Coffee Talk: When the Lists Get Out of Control

 

Everyone has problems. Looking into the eyes of people in the checkout line at Target, or the family having lunch a Chick-fil-a, I see pressure; people longing for some relief. I read articles on the internet and those passionately written by my dear writer friends, and often wonder, “What more can we do?” I enter Sunday school or choir rehearsal weekly where sisters and brothers share prayer requests of co-workers, family members, friends, and strangers they have met on the street.

Everywhere I turn, prayer requests are mounting. I used to feel guilty about the enormous need and my inability to fulfill them. I used to feel guilty because people would pass me in the hallway and request that I pray for a particular situation, and sometimes I would forget. I did not like that feeling at all.

Then I started “on-the-spot” prayers. If I was on the phone and someone asked me to pray, I would say a quick prayer immediately. At least, I didn’t forget. Somehow, even that solution felt cheap, not to God of course, but to me. I felt my friends, family, and their expressed needs were worth more than that. After all, I’m supposed to “rejoice with those who rejoice; mourn with those who mourn (Rom. 12:15).”

Then I started making “prayer lists.” Whenever someone asked me to pray, I would add them to my prayer list. Sometimes I would pray for them once, and sometimes more than once…that was until the prayer list started to get out of control. The list began to grow into two and three pages of lingering prayer requests. It got a little overwhelming.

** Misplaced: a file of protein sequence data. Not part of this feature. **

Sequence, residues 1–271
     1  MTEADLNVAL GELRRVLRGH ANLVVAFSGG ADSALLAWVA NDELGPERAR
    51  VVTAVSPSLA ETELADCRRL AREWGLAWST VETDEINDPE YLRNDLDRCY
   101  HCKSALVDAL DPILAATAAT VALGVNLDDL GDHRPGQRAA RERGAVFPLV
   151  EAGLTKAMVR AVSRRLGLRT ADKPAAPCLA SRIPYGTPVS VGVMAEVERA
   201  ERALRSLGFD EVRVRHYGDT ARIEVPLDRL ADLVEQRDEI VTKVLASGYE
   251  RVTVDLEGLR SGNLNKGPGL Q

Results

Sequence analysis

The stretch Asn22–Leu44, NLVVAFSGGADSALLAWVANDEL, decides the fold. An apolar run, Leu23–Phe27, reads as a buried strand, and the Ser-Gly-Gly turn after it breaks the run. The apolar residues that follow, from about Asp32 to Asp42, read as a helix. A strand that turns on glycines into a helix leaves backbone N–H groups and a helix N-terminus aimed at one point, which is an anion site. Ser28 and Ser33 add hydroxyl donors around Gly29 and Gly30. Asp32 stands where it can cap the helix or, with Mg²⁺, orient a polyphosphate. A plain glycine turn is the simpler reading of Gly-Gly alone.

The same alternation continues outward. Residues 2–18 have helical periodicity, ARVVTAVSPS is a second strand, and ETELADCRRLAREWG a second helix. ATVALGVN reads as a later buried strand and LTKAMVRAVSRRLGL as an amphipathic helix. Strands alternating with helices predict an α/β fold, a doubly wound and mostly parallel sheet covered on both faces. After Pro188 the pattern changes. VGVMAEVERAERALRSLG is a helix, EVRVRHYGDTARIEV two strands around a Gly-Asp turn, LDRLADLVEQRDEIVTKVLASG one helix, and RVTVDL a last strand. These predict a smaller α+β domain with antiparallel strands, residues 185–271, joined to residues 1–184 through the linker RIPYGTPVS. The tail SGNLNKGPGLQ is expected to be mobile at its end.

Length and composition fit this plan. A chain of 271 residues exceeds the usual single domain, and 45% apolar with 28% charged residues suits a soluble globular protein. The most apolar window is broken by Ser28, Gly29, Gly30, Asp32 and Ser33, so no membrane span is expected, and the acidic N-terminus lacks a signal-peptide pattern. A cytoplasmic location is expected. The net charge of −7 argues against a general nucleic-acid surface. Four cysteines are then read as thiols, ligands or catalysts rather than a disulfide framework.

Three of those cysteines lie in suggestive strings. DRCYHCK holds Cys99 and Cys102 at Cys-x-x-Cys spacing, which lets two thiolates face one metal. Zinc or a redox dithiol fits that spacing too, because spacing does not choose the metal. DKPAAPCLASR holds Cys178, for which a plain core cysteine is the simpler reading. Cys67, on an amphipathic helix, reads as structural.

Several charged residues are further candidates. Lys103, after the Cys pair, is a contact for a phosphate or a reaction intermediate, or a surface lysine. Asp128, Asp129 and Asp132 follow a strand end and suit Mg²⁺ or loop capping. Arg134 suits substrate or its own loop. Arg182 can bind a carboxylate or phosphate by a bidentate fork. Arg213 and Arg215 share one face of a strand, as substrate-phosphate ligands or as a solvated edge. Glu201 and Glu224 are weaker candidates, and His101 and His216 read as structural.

“Dear God, what am I supposed to do with this list? Answer me, please. Amen.”

The revelation began a few weeks ago with a release. For starters, the response was simple. “Do what you can.” That statement alone removed all guilt, doubt, and pressure. I know that guilt is not of God. God loves me. He knows that I love him and that I love those sisters and brothers for whom I which to intercede in prayer. I will do what I can to pray for them when I can.

I start by praying for my husband, daughter, and brother and sometimes I can do no more than that on a given day.

Because I am an organized person, it helps me to break assignments, tasks, and such into smaller chunks. Compartmentalizing sometimes helps me process information better. Generally, my intercessory prayer time looks something like this:

Monday – Prayer for Women’s Mentoring Ministry (this includes my ministry partner, our mentors, mentees, their families, and for God’s direction for the ministry overall)

Tuesday – Family

Wednesday – Missionaries and the lost world

Thursday – Church Leadership and those in authority (this can include the President, government, teachers, etc)

Friday – Friends

Sometimes I don’t get to pray for everyone on the list. In those moments, I simply pray for the person(s) that are most on my mind and heart.

This plan has provided me a great deal of relief in the past few weeks. It also helps to remind myself regularly that God is not impressed with long prayers. I admit that I don’t intercede in this manner every day but I do make the effort on a consistent basic.

“The prayer of a righteous man is powerful and effective (James 5:16).”

How is your prayer life? What do you do with the mounting prayer requests?

© Natasha S. Robinson 2011

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